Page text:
On the first take, I started on the A flat above middle C, which somehow immediately led to me playing the opening melody of Michael Andrews/Gary Jules cover of "Mad World" (see the followup note below).
On the second take, I ended up doing this 13 minute improv where everything (in my mind anyway) connected musically to the piece that came before it. But hey, that just seemed weird to release.
So on the third take, I ended up loosely doing the same thing by accident: long take (7 minutes this time) where things seemed to feel connected.
So in the spirit of "give me the same thing, but different", a 7 minute piano improv counts as "same but different" in my world.
I'm fascinated with perfect pitch and would love to someday hold that claim to fame.
I seem to have some bizarre half-working version of it. As an example, I verified after my songwriting session, that yes, "Mad World" does start on the A flat above middle C.
So here's how my half-working version, um, works..
Like in the example of my first take from this songwriting session, every so often I'll play a single note on the piano and I'll say, "Hey! That's how X song starts."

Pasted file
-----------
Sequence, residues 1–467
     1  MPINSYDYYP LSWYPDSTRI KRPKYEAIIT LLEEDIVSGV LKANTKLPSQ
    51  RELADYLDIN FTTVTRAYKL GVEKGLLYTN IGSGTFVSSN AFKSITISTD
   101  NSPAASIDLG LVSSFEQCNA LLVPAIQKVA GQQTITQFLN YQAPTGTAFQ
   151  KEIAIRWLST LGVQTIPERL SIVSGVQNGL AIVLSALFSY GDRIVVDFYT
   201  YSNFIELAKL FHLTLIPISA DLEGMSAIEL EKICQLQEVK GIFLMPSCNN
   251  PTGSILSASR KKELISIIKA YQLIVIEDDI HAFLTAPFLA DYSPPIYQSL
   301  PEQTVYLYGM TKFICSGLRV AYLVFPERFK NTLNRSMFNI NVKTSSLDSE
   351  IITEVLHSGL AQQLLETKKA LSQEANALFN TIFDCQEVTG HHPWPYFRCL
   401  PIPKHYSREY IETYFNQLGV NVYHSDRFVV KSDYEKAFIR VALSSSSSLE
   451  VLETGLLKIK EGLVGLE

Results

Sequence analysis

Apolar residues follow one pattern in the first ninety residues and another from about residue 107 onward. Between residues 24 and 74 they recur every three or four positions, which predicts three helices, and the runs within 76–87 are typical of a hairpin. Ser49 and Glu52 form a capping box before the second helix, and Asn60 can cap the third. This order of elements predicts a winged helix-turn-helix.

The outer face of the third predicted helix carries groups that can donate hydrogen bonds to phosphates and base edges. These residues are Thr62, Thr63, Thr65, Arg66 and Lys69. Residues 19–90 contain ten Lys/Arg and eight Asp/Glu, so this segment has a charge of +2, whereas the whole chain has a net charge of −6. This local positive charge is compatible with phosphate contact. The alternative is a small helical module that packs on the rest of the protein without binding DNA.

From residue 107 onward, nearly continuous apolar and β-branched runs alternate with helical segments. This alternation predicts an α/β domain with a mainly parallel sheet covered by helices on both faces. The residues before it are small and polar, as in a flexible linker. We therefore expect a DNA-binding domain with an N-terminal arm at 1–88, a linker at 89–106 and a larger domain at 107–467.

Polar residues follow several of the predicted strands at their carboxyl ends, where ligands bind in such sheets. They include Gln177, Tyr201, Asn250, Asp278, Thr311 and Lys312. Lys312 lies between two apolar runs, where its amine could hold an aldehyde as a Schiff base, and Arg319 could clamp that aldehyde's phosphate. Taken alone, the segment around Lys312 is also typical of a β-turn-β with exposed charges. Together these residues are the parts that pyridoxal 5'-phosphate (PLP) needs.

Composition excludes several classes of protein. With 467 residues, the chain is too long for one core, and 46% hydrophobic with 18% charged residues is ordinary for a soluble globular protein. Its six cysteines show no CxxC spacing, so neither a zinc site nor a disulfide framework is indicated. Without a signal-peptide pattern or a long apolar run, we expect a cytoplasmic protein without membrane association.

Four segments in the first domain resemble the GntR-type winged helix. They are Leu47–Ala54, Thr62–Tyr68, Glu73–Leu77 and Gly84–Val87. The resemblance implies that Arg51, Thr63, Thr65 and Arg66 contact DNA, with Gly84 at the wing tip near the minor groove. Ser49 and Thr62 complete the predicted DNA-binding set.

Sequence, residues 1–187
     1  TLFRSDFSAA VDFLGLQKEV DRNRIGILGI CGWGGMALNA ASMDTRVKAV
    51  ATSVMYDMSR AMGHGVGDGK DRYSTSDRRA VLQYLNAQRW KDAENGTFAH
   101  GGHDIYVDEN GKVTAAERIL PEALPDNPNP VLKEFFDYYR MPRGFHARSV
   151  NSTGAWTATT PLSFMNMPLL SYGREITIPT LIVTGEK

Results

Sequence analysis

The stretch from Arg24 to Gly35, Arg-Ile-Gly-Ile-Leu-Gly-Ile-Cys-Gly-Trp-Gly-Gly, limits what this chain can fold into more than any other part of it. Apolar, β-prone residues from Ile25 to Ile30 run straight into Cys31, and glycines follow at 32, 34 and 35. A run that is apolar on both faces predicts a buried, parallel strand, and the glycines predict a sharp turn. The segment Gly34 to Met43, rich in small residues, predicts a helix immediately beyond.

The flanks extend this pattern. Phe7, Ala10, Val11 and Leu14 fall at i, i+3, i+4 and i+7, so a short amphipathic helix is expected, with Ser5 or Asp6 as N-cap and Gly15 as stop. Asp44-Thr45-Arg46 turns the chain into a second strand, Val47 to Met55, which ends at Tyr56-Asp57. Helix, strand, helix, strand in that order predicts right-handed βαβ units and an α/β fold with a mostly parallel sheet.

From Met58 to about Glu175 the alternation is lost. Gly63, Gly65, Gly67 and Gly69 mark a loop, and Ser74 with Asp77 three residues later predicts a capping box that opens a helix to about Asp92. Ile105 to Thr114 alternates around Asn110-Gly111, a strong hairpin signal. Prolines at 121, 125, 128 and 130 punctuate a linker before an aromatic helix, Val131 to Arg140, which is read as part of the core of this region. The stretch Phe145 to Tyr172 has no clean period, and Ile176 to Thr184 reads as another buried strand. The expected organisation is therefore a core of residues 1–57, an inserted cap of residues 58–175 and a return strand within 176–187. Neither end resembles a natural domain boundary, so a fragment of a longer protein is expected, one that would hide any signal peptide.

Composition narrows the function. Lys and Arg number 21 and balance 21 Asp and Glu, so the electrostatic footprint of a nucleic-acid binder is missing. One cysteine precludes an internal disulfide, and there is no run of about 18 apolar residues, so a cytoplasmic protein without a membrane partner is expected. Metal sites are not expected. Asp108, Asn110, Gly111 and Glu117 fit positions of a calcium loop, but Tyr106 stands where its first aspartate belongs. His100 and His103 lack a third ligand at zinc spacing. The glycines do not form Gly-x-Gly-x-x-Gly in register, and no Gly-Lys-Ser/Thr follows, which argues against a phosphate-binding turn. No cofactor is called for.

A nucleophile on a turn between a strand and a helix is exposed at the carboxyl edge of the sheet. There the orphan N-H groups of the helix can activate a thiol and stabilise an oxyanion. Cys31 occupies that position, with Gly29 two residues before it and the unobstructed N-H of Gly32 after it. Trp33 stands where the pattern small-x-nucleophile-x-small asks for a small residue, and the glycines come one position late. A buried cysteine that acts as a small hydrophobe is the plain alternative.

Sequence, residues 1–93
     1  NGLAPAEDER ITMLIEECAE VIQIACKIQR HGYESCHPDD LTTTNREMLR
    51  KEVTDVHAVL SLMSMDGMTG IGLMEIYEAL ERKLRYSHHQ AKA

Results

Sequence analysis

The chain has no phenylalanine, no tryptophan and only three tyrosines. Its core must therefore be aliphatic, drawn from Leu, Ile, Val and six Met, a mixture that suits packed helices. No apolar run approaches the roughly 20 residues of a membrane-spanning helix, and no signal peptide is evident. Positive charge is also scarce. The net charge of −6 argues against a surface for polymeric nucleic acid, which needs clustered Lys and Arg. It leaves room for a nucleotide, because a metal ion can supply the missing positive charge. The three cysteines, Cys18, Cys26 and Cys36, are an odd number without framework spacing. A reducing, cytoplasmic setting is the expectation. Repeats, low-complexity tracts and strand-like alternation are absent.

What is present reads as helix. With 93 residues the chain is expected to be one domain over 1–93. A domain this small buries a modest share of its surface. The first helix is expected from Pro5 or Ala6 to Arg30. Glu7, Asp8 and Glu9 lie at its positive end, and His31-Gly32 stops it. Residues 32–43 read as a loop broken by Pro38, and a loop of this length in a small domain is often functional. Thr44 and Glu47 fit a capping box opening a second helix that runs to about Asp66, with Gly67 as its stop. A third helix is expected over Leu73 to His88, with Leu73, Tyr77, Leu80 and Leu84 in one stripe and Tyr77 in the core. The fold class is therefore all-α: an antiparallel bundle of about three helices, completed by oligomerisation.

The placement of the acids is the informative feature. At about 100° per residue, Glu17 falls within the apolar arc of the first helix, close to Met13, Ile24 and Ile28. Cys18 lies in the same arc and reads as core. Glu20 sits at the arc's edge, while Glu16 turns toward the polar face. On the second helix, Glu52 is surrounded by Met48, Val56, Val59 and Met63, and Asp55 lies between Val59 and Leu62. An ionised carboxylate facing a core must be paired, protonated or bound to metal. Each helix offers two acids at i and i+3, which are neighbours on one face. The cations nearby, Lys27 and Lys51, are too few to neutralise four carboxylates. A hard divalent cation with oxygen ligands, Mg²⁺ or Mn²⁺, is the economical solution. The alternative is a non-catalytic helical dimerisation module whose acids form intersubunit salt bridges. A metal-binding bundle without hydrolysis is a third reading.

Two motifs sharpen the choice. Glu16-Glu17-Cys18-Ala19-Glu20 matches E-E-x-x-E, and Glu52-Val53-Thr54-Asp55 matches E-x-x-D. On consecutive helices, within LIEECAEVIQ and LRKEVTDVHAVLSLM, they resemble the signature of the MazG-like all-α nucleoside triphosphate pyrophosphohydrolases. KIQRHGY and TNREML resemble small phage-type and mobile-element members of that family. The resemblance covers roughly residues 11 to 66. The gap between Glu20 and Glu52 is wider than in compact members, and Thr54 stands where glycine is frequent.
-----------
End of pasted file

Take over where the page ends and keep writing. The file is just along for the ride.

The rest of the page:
So basically it's probably not perfect pitch after all. Probably what's happening is that I'm actually memorizing the audio, so that when I hear it replicated exactly, it suddenly sparks a memory.
So I'm guessing that if I were to stumble onto the the same synthesizer patch that was used in some random song, and just happened to play the same note that the song started on, then there's a decent chance that I would once again say "Hey, that's how that one song starts!"
But since a piano sound is what I'm using the most when I improvise, this tends to only help for identifying music that's piano dominant.
Basically, I could be a contestant on a very niche version of "Name that Tune" where I could name that Tori Amos tune in one note.